Behind the scenes Lillard has been consistent with his messaging, preaching that the team has been in this position and rallied from a seemingly lost year to make the playoffs. He believes the Blazers will end up in the postseason, and hasn’t wavered from that even as the team has been struck by injuries and the losses have piled up.

So on Monday night when Lillard took over the game and carried the Blazers back from late deficits in the fourth quarter and again in overtime, the Blazers followed their leader. Not just because he was having an all-time great game but because he has laid the foundation all season long that they can place their trust in him.

“You show that belief in your actions, your body language, your attitude all the time,” Lillard said. “So it’s not like I was having a good game tonight so everybody believed because I believed. It’s like they know my disposition all the time. They know my attitude and personality all the time. So I think that’s the personality of our team. We always think we have a chance regardless or what our record is or anything like that, and that’s just who I am.”

Morning After: Everything you may have missed from the Blazers win over the Warriors

Morning After: Everything you may have missed from the Blazers win over the Warriors

The Blazers returned home after a brief 1-2 road trip and were welcomed by the Golden State Warriors.

The Blazers, once again with limited bodies, started Anferenee Simons and Nassir Little, and even Moses Brown got a small run. 

But for all the makeshift lineups and crazy rotations, there was only one player to watch on this night: Damian Lillard

Lillard absolutely went off against the Warriors.

He hit a franchise-record 11 threes en route to scoring a franchise record 61 points! 

The outburst broke the team's previous record of 60 points, set by Damian Lillard earlier this season.  

It was also the most points scored by a single player in the NBA this season, and the most points ever scored by a player on MLK Day. 

The performance even prompted Coach Stotts to give Lillard the game ball, and if you know Stotts, you know he rarely hands out a game ball.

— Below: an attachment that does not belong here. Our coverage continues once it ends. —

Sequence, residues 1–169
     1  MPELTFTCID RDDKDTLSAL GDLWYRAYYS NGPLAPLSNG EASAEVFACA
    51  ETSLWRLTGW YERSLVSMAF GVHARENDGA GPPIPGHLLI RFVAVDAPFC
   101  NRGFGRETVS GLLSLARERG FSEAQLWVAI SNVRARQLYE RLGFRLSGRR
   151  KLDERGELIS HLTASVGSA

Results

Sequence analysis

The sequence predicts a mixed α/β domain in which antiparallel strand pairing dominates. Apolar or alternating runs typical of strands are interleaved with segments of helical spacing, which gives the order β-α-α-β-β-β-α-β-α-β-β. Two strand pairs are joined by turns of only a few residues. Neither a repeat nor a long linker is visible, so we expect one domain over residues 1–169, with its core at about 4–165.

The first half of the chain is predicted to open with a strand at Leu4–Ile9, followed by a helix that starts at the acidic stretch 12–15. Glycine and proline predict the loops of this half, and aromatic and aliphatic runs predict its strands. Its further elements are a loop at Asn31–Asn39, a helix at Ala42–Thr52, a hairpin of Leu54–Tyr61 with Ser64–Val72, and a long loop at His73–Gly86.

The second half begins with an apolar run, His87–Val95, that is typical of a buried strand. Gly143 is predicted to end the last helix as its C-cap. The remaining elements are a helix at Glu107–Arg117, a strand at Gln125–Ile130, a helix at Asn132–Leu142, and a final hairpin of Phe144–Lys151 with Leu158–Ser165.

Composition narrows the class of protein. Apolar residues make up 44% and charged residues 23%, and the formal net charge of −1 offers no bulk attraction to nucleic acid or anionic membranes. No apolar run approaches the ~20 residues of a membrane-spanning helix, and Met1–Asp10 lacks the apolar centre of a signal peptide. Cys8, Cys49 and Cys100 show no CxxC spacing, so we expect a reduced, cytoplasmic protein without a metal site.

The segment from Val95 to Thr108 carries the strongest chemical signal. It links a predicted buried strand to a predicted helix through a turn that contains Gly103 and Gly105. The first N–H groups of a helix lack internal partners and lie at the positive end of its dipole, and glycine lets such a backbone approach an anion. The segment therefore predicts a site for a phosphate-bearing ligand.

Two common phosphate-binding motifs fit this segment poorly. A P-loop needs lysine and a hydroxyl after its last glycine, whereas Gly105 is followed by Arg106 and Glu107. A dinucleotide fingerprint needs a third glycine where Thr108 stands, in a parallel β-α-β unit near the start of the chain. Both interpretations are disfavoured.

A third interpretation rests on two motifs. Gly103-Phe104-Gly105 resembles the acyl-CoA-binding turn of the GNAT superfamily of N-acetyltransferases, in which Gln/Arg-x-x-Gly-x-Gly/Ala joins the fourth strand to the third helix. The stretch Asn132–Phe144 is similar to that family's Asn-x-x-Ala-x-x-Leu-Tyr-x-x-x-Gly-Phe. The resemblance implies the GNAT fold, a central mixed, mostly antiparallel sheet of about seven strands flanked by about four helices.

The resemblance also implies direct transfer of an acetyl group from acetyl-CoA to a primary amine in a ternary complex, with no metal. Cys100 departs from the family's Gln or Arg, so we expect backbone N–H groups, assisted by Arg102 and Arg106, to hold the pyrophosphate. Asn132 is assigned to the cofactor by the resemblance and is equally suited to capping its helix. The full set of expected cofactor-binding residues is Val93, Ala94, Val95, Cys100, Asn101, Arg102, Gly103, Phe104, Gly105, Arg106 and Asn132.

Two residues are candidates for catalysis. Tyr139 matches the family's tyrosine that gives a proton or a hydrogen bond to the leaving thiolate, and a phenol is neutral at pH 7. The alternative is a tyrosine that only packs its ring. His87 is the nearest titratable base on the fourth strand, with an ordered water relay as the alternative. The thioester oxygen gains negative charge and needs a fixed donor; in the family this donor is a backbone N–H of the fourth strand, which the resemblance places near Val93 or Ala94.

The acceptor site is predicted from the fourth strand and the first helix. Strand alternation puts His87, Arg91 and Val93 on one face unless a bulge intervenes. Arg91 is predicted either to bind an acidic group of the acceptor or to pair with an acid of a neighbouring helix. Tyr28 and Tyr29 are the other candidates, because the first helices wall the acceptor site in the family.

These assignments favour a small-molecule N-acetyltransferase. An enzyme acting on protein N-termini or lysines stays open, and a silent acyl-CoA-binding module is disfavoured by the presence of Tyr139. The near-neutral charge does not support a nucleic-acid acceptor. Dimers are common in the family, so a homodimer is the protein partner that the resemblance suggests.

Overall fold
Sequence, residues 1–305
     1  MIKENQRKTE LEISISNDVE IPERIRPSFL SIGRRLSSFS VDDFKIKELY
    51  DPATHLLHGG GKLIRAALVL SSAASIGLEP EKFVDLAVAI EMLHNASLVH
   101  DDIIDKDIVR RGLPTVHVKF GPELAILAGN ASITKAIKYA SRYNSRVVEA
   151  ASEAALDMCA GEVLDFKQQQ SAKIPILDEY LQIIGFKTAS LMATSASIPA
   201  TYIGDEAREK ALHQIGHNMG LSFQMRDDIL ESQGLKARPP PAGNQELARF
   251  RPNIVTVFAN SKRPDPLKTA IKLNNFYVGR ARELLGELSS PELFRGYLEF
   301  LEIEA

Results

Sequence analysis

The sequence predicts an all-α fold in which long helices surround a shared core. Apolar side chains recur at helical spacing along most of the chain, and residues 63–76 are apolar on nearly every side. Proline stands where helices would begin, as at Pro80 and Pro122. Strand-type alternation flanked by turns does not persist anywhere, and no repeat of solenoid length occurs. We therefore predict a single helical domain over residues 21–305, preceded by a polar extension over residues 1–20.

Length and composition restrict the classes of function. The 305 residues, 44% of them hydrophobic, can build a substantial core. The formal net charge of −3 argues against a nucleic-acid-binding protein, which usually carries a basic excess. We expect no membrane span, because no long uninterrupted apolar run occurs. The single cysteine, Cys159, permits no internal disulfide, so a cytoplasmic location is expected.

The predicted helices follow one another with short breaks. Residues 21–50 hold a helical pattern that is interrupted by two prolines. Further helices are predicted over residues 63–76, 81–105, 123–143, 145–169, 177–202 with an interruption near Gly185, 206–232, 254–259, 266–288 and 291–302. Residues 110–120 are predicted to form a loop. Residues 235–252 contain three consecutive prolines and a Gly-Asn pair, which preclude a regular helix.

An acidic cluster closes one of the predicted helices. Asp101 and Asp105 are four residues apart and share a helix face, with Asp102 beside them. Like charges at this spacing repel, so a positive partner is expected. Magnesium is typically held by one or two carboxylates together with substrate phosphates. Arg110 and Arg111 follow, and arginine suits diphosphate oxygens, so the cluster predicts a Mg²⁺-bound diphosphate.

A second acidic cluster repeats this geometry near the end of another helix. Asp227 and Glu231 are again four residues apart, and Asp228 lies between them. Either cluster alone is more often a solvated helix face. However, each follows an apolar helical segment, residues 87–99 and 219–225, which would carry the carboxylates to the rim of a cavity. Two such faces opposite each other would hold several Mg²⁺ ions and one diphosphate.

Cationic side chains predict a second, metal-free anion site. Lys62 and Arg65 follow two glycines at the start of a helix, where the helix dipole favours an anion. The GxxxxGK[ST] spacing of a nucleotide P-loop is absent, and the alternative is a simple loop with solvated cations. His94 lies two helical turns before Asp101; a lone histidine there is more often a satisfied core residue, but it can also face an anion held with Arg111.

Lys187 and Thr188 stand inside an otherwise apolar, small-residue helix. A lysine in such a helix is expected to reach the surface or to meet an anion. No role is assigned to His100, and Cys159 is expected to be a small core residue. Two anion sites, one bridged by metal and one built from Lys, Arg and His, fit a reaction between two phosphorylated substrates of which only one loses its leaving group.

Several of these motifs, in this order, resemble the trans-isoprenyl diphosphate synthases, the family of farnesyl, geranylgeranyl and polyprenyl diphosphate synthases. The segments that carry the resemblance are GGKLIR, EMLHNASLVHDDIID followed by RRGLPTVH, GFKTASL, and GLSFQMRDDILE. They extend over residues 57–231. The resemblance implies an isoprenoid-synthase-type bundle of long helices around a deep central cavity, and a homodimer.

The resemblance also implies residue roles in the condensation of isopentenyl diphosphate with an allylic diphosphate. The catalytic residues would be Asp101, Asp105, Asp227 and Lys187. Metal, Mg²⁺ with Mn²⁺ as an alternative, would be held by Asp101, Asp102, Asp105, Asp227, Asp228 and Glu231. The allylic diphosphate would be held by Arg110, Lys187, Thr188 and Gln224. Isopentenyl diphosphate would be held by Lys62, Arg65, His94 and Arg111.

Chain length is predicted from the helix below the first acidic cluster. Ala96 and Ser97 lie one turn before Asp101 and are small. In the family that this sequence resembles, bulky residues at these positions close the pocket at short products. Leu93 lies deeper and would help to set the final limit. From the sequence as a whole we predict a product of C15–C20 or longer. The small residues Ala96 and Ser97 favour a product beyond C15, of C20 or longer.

Needless to say, this game was a big deal. 

The Blazers needed every single one of Lillard's points, as they struggled to keep pace with the Warriors. In fact, the Blazers trailed by double-digits for large chunks of the game. 

But once the clock struck Lillard Time, it was all over. 

It may have taken overtime and a record-breaking night from Lillard, but the Blazers picked up a much-needed win. 

Final Score: Blazers 129 - Warriors 124


Hassan Whiteside on Damian Lillard:

It's amazing. Dame played amazing. I just told him to keep shooting, even when you miss, just keep shooting, I’m going to keep trying to get you open with these screens so keep shooting.

Coach Stotts on the Victory:

It was an outstanding win. Finding a way to win a game like that, obviously, both teams were a little undermanned, but you kind of run out of adjectives for Damian (Lillard) and his performance, the way he carried the team, not just on the court but in the huddles, time outs, half time, his leadership was great, and like I said you run out of adjectives, he’s an amazing player.

Damian Lillard on his record-setting game:

I mean, it’s one of the best of my career so I mean, I think that’s what it means, one of my better performances in a game we needed to win. I think that’s just what it is. We needed a win tonight. It would have been a tough one for us to give up. We’ve got a good home stretch of games, a good opportunity to get some wins against some tough teams on our home floor so it was necessary and it was on time. On to the next one now. A great performance. I’m excited about it, I’m happy about it but I wish it counted for three wins instead of one



Instant Analysis: Damian Lillard drops 61 in Blazers OT win over Warriors

Even Stephen Curry watched in awe of Damian Lillard

Social media lost its collective mind on Damian Lillard's career night 

Sounds like Trail Blazers dodged a bullet with Anfernee Simons' rolled ankle 

Hassan Whiteside wanted those free throws.... real bad

Terry Stotts breaks with tradition after Damian Lillard's career night

By the numbers: Damian Lillard in rarefied air after career night 

By the numbers: Damian Lillard in rarefied air after career night

By the numbers: Damian Lillard in rarefied air after career night

On a day where we honored Dr. Martin Luther King, Damian Lillard gave his best performance.

Career-high 61 points, check. Most points by a player this season, check. An MLK Day record, check. Career-high and franchise record 11 three pointers, beating his own record, check. 

We marvel in the greatness that is Damian Lillard, and these numbers make his accomplishment that much more impressive: 

And perhaps the greatest stat of them all...? The Trail Blazers got the win!